My first experience as an educator was teaching middle-school mathematics and science in Baltimore. As a teacher, I was interested in the content and had a deep desire to impart my knowledge and enthusiasm to my students. I also worked hard to keep my students focused and tended to run my classroom like a tight ship. Day after day, I often would say the wrong thing, or say something in the wrong way.
The truth was that I tended to push too hard on students in ways that they didn’t respond to, and I often lost control of the class. Classroom management didn’t come naturally to me, and I often felt unsuccessful. And like many teachers, I had wrongly assumed that if I persisted with my strictness and focused teaching style, I would eventually gain control of the class.
To be clear, persistence is an indispensable quality that can have a dramatic impact on success. Trying something repeatedly can be productive under the right conditions. Often our moments of greatest frustration come just before the moment of breakthrough, where the scales fall from our eyes and we finally understand the solution.
But despite what we often tell our students, persistence can actually be counterproductive at times. If students are unprepared to take on a particular type of problem because they didn’t understand the prerequisite concepts, persistence isn’t helpful. It can even be harmful when routinely misapplied. We may make the same mistake over and over again until it becomes a habit. And students who continually find their efforts don’t lead to improvements may become less likely to persist over time.
Educators must be able to distinguish between moments of “productive persistence” and moments where students are simply spinning their wheels. Believe it or not, “wheel-spinning” is now a technical term and has become a topic of interest to researchers who study how children learn. According to researchers Joseph Beck and Yue Gong, wheel-spinning is generally defined as “students who do not succeed in mastering a skill in a timely manner.”
You can imagine how helpful it would be if teachers and computer systems could detect which students are likely to spin-their-wheels. As it turns out, wheel-spinning can be detected “in an early stage with high accuracy.” One study showed that a “wheel-spinning detector” could identify a high percentage of the students who had spinning wheels. (The tool relied on publically released data from Carnegie Learning.)
In another recent paper, published this April, researchers led by Anthony Botelho created a wheel-spinning detector using ASSISTments, a free online learning platform that my team at the Worcester Polytechnic Institute developed for math education. It uses “mastery-based” techniques for assignments, meaning students don’t need to complete long problem sets once they demonstrate they understand a concept.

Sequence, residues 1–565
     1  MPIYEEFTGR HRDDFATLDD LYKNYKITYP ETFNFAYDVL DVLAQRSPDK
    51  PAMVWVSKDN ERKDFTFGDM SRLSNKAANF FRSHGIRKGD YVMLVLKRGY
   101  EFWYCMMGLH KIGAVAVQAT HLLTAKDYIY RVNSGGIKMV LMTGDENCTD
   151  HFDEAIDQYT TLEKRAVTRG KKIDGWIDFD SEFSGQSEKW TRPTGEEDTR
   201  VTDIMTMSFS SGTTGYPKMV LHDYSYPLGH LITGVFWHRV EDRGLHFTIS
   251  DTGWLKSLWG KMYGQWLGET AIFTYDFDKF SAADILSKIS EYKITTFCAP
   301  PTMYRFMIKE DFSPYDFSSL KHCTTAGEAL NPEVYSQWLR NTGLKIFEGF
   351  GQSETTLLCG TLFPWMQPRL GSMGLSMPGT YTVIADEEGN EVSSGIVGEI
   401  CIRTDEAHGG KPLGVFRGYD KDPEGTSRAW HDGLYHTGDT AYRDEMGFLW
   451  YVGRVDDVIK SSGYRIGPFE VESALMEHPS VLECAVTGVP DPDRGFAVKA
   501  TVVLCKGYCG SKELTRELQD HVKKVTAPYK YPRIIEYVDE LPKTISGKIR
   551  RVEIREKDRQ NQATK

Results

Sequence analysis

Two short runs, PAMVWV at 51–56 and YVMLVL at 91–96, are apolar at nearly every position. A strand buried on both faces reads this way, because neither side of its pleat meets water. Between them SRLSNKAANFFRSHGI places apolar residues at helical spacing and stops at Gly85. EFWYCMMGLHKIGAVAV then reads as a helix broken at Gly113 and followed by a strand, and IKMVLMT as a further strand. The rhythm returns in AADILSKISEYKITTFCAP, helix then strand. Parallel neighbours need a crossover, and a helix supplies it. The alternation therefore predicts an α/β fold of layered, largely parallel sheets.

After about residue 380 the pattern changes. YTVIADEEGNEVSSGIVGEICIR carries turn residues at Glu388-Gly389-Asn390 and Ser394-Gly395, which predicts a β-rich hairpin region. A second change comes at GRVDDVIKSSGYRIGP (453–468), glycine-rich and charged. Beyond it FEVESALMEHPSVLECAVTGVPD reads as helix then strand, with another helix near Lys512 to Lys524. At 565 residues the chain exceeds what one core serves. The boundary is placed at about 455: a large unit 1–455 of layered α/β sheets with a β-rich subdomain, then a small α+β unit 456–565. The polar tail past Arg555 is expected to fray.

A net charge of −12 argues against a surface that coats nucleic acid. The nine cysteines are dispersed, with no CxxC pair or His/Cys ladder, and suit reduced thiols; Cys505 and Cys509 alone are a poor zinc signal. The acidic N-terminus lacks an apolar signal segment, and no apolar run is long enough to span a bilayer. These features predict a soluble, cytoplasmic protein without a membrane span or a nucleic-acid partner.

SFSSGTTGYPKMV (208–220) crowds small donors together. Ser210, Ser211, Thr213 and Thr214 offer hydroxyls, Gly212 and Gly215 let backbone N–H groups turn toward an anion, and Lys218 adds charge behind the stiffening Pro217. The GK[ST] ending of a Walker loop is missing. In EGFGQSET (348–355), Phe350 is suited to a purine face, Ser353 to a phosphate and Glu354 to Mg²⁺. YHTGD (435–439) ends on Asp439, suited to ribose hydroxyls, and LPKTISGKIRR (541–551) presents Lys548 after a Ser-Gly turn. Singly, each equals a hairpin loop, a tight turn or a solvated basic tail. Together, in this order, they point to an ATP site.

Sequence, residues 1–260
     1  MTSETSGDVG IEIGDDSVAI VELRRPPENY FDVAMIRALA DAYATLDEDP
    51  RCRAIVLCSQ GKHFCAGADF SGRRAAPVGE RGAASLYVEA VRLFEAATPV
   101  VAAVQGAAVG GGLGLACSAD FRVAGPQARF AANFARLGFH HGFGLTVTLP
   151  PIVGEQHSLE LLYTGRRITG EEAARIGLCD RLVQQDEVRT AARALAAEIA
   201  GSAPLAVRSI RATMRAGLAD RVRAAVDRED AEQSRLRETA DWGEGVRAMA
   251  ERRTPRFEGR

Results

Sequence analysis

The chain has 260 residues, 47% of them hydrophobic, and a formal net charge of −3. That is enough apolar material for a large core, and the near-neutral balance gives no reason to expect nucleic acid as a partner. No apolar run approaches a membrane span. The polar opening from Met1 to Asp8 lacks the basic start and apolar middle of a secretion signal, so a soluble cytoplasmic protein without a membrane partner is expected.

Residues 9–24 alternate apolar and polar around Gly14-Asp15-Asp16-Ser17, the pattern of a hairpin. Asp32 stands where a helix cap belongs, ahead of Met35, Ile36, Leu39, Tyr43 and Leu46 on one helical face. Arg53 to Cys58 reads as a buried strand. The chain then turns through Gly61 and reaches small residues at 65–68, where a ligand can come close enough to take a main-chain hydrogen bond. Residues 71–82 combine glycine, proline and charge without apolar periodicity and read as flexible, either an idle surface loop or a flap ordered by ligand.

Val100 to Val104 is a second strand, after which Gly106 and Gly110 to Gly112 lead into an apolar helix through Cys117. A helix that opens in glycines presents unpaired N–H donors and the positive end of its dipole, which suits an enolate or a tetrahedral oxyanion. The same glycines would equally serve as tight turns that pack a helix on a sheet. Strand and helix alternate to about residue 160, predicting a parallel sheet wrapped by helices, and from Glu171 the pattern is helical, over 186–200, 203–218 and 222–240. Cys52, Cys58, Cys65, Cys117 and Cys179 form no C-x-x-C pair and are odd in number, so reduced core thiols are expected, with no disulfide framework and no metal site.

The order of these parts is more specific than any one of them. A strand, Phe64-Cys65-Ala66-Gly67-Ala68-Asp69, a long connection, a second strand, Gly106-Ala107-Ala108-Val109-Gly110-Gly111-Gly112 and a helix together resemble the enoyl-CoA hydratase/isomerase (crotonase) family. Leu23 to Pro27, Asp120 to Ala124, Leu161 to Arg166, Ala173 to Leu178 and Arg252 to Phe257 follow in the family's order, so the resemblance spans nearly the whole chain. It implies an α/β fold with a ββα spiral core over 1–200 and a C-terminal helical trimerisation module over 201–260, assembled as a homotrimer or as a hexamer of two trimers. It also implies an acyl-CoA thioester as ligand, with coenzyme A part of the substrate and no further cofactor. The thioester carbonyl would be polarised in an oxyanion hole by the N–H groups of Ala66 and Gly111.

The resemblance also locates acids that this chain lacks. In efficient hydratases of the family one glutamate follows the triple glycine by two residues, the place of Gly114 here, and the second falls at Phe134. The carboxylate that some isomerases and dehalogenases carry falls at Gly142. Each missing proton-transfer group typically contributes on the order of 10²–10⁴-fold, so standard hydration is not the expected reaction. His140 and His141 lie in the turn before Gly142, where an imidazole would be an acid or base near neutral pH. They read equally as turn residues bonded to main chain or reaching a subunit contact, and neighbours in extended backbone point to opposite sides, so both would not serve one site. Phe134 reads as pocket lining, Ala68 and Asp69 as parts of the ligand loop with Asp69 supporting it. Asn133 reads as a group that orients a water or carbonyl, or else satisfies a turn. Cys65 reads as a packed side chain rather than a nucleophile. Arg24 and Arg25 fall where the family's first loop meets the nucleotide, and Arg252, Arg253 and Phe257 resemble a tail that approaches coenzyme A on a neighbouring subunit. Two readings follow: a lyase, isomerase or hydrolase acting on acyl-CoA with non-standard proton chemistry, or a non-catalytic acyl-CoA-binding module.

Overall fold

In that study, mastery was defined as correctly completing three problems in a row, and researchers defined “wheel-spinning” as failing to gain mastery even after trying on 10 different problems (and getting feedback on each one). The researchers looked at more than 123,000 homework assignments given to students around the country in the 2016-2017 school year. They found that approximately 5 percent of the assignments led to wheel spinning, and another 5 percent of students exhibited “stop out,” meaning they gave up on the assignment before reaching the 10-problem threshold.
The researchers found that statistical models could be developed to predict wheel-spinning and stop-out behavior, because students’ previous performance can predict wheel spinning in the future. Although more research needs to be done, these models and tools can be enormously useful to teachers, curriculum developers and education technology developers.
Future education technology tools in the nascent field of learning engineering may be able to provide teachers with early warnings about which students need extra guidance, or, perhaps, what concepts the class as a whole may struggle with. Similar feedback may help curriculum developers pinpoint where students typically struggle with certain concepts.
The goal is not to remove the obstacles from learning. Rather, we want to make sure the right kinds of obstacles are in place—neither obstacles that discourage learning because they wrongly presume the child has already absorbed preliminary concepts, nor obstacles that pose no challenge.
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